https://en.m.wikipedia.org/wiki/Detroit_bankruptcy

 
 
 
MUVA
2.3.3  MUVA  replied to  JBB @2.3.1    one month ago

Then people will move and businesses will leave and the city will die. 

 
 
 
KDMichigan
2.4  KDMichigan  replied to  JohnRussell @2    one month ago
Illinois recently legalized gambling. After compromises are made on the rate casinos will be taxed

Compromises?. jrSmiley_10_smiley_image.gif

The most corrupt city in the U.S. building casino's, what could go wrong?

256

 
 
 
JohnRussell
3  JohnRussell    one month ago

Richard Porter wrote the Real Clear Politics article quoted in the seed as its basis.  LOL. 

Richard Porter is a lawyer in Chicago and Illinois’ national committeeman to the Republican National Committee. 

 
 
 
Greg Jones
3.1  Greg Jones  replied to  JohnRussell @3    one month ago

Who cares about the writer? Did you even read the story?

You're just trying to detract from the fact that every large metropolitan city governed by corrupt Democrats nationwide is in serious financial straits.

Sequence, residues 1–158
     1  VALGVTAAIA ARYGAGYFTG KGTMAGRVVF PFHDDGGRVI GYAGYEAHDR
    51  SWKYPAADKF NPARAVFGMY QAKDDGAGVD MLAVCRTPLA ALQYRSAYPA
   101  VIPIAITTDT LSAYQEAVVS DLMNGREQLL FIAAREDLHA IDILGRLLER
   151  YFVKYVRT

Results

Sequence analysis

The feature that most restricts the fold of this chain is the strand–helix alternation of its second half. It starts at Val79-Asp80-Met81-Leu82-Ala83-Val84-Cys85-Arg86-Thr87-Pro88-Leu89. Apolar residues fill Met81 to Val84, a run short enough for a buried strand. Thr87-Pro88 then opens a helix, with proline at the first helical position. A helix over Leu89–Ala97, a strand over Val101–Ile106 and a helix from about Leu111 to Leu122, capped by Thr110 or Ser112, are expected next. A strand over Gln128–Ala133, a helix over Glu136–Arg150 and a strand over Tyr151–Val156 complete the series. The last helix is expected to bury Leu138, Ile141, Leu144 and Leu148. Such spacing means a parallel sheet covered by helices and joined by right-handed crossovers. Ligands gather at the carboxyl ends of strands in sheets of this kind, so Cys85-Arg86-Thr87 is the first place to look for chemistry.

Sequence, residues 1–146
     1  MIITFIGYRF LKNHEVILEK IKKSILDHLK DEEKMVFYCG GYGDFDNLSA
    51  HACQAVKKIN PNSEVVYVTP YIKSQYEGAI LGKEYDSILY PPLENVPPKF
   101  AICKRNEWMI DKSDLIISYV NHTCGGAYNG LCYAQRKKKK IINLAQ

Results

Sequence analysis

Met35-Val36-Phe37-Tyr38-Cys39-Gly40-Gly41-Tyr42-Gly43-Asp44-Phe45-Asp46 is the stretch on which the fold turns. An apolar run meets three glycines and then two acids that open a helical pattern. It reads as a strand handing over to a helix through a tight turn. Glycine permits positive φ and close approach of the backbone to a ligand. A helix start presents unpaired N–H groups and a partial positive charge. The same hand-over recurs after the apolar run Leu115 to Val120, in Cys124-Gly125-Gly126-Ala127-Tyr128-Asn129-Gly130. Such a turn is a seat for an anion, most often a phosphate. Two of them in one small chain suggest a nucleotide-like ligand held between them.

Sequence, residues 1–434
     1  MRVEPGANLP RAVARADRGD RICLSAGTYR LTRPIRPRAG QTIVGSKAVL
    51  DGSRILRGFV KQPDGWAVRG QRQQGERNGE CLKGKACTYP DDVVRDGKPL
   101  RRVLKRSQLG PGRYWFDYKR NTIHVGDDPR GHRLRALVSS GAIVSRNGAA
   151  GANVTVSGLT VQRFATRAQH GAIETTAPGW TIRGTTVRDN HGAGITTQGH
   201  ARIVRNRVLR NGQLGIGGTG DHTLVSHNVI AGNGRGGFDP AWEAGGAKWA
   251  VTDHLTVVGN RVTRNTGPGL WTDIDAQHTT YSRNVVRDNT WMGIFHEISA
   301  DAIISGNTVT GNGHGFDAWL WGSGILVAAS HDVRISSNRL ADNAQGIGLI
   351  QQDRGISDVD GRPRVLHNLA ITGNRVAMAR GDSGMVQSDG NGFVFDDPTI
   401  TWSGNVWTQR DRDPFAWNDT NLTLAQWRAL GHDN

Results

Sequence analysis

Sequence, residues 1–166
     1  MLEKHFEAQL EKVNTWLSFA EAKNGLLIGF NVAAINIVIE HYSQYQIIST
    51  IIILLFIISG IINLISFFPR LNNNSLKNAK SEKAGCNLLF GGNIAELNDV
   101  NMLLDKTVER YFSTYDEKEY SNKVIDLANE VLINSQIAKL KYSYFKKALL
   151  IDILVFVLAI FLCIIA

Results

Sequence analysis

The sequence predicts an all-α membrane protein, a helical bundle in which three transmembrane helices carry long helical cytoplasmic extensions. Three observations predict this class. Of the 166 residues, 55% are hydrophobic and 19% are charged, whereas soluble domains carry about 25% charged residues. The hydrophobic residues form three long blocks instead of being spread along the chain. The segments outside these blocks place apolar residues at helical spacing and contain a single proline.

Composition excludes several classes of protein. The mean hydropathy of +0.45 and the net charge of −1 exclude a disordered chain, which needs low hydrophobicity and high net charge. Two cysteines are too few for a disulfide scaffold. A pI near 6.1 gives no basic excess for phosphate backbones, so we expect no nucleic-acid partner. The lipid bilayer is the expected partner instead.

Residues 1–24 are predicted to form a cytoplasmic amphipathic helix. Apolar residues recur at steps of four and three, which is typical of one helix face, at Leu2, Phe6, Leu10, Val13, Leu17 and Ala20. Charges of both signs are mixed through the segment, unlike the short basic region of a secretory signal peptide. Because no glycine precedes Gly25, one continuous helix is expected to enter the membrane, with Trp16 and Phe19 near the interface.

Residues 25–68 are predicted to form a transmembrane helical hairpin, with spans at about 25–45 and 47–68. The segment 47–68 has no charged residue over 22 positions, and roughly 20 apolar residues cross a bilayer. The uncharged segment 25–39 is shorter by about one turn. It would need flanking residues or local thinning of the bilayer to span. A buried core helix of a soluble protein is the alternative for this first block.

Casino revenues won't cut the mustard. Perhaps Chicago could simply add another tax to their phone bills to balance their budget.

 
 
 
JohnRussell
3.1.1  JohnRussell  replied to  Greg Jones @3.1    one month ago
Who cares about the writer?

The writer of any article has a specific point of view.  There is no actual talk of Chicago declaring bankruptcy. 

 
 
 
Greg Jones
3.1.2  Greg Jones  replied to  JohnRussell @3.1.1    one month ago

I beg your pardon.....it's right there in bold and underlined.

The only option for Mayor Lori Lightfoot and the city council is restructuring the city's massive debts. In other words: bankruptcy.

 
 
 
JBB
4  JBB    one month ago

They have a term for this sort of fake news story. They call it, "Yellow Journalism"...

 
 
 
†hε pε⊕pレε'š ƒïšh
4.1  seeder  †hε pε⊕pレε'š ƒïšh  replied to  JBB @4    one month ago

They have another name for the type of comment you left.

Yellow deflection.

 
 
 
JBB
4.1.1  JBB  replied to  †hε pε⊕pレε'š ƒïšh @4.1    one month ago

Nope! Headlines like, "Is Trump Going To Stop Beating Melania?", or, "Does Michelle Obama Have A Dick?", are classic examples of Yellow Journalism which is a dishonest ploy used dishonest authors. If he had any real proof Chicago was on the verge of bankruptcy he would present it. Instead by merely asking such a leading question he implies that Chicago is going bankrupt which it is not...

 
 
 
MUVA
4.1.2  MUVA  replied to  JBB @4.1.1    one month ago

Trump entered a criminal conspiracy with the Russians is yellow journalism would you agree.  

 
 
 
MUVA
4.1.3  MUVA  replied to  JBB @4.1.1    one month ago

Michelle does have a dick for a husband.

 
 
 
MUVA
4.2  MUVA  replied to  JBB @4    one month ago

I don't think this story came from CNN.